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I am attempting to implement some very basic debugger protection to prevent kids from using easy tricks to reverse engineer my software. While these simple measures are easy to bypass, they will at least keep out the uninformed. The following code is from a tutorial online, and I wanted to ask for your opinions as to whether this is safe to use in production code? I am hesitant because of the fact that this function is undocumented by Microsoft and thus may or may not change completely from one version of Windows to another. The last thing I want is for my application to begin crashing on Windows 8, 9, etc because the function signature is wrong.

The code is as follows:

// HideThread will attempt to use
// NtSetInformationThread to hide a thread
// from the debugger, Passing NULL for
// hThread will cause the function to hide the thread
// the function is running in. Also, the function returns
// false on failure and true on success
inline bool HideThread(HANDLE hThread)
typedef NTSTATUS (NTAPI *pNtSetInformationThread)
            (HANDLE, UINT, PVOID, ULONG);

// Get NtSetInformationThread
pNtSetInformationThread NtSIT = (pNtSetInformationThread)
    GetProcAddress(GetModuleHandle( TEXT("ntdll.dll") ),

// Shouldn't fail
if (NtSIT == NULL)
    return false;

// Set the thread info
if (hThread == NULL)
    Status = NtSIT(GetCurrentThread(),
            0x11, // HideThreadFromDebugger
            0, 0);
    Status = NtSIT(hThread, 0x11, 0, 0);

if (Status != 0x00000000)
    return false;
    return true;

Is this safe to use?

Kind regards,

Philip Bennefall

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You've asked 14 questions but never voted on anything or accepted an answer to one of your questions. Right now you're only taking from the community & not contributing to it. – John Dibling Nov 15 '11 at 21:57
I have been trying to figure out how to accept answers and how to vote ever since I joined. I am blind, and thus I use a screen reader to interpret the screen content. This program has trouble with certain dynamic web pages, of which Stack Overflow is one example. I can see the up vote text, but it is not clickable for me (it just shows up as normal static text). I very much apologize for this. – Philip Bennefall Nov 15 '11 at 22:13
While I agree that such comments may be a bit unnecessary, I still feel that I have a responsibility to give back to this type of community that has proven invaluable in the past. I will try to see if the screen reader has some command that I don't know about to do these types of things. – Philip Bennefall Nov 15 '11 at 22:46
up vote 3 down vote accepted

If it is undocumented then it is, by definition unsafe to use, as it can be removed/modified at any time without warning.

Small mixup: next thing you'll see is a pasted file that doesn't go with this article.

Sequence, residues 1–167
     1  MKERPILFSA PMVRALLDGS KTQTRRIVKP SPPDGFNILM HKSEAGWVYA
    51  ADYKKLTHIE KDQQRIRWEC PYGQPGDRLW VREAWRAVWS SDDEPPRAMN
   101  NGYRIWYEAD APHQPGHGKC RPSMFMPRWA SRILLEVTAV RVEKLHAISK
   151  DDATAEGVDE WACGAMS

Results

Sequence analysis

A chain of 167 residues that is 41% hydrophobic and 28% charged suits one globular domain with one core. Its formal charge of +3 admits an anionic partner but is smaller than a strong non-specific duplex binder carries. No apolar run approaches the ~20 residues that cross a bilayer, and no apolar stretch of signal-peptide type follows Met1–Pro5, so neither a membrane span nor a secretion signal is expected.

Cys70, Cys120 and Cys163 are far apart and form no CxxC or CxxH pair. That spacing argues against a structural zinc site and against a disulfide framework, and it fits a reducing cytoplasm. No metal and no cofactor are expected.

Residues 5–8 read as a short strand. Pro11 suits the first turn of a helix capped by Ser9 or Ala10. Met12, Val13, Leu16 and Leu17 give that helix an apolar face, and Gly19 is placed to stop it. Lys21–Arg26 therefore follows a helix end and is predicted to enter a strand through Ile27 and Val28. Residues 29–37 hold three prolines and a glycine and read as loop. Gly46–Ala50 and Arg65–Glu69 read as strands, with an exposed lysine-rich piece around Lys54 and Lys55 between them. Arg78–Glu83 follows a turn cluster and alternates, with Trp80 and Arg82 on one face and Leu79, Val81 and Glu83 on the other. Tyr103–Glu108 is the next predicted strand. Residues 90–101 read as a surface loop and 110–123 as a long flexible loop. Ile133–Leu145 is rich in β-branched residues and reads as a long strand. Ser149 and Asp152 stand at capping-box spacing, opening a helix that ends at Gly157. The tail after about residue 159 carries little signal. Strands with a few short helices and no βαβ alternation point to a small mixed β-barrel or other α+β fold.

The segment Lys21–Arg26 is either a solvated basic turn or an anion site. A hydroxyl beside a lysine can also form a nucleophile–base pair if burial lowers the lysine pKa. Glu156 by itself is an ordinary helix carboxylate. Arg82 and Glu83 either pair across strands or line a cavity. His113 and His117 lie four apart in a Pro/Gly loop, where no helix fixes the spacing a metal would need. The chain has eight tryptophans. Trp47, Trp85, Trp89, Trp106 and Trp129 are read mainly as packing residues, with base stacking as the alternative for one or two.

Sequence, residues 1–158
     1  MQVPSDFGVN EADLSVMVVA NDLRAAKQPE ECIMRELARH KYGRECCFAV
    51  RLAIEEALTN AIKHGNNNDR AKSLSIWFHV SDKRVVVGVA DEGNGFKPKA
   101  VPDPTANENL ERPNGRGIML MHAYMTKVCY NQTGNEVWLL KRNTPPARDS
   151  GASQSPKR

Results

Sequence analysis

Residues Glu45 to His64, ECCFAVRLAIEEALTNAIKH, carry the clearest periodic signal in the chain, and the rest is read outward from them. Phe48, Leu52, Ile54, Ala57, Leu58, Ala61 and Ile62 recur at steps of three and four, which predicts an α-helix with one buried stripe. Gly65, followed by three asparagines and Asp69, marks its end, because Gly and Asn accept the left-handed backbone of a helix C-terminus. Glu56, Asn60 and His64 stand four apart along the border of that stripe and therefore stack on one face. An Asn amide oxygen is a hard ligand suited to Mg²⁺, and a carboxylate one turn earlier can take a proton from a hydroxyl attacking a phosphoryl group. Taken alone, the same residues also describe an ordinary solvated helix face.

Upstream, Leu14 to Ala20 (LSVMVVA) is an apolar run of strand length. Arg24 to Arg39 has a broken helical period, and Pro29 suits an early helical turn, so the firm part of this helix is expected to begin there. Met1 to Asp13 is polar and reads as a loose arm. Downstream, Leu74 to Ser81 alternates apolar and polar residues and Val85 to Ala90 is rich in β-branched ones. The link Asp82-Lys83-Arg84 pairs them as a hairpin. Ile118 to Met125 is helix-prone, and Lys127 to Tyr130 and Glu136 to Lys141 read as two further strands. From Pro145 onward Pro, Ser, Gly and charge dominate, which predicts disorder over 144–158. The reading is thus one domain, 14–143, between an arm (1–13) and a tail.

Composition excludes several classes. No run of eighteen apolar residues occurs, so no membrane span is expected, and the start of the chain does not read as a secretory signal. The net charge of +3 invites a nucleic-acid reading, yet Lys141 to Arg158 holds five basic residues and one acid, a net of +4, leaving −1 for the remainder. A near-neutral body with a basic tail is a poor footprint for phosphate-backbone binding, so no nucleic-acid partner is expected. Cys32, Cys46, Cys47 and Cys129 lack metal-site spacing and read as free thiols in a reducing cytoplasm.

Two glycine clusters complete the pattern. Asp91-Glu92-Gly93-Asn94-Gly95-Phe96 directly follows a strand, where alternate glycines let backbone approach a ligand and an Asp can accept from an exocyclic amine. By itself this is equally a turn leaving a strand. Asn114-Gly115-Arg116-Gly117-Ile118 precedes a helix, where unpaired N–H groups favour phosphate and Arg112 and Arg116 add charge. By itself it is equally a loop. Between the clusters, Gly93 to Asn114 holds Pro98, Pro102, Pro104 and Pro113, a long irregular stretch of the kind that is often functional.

That said, there are certain undocumented features in most systems that are so widely known and used that nobody in their right minds would dare change it, and thus would be pretty safe to use.

In your particular case, just googling around it is documented here. It is just not an ordinary API, but rather a driver support routine. So it should be reasonably stable. I mean, it might disappear in a future version of Windows, should the driver model change, but as long as it exists it will likely be as it is now.

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This makes good sense. Thank you very much for confirming! – Philip Bennefall Nov 15 '11 at 22:36

NtSetInformationXxx and NtQueryInformationXXX might be undocumented but as previously stated are so widely used, and there is a lot of code which relies on them that it is unlikely they will undergo a major change which will break them in such a way. As far as documentation for them - there is this which documents a lot of the "undocumented" APIs. Furthermore, since you are tinkering with anti-debugging techniques I'd like to point your attention to this paper which gives a very good overview of the possible anti-debugging techniques and their countermeasure by hackers

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Thanks for the clarification. I see the link to the documentation, but I cannot find any link to the paper you refer to? I'd be very interested in reading it. – Philip Bennefall Nov 15 '11 at 23:04
I've added the document link here it is again for clarity: – LordDoskias Nov 16 '11 at 9:06
Thanks! I'll have a look at that. – Philip Bennefall Nov 16 '11 at 10:09

As far as I can see, the NtSetInformationThread function is now (indirectly) documented on MSDN since it uses ZwSetInformationThread. It is thus safe to use it. Can someone confirm this, or are there other reasons to tag this function as "undocumented" and thus unsafe to use?

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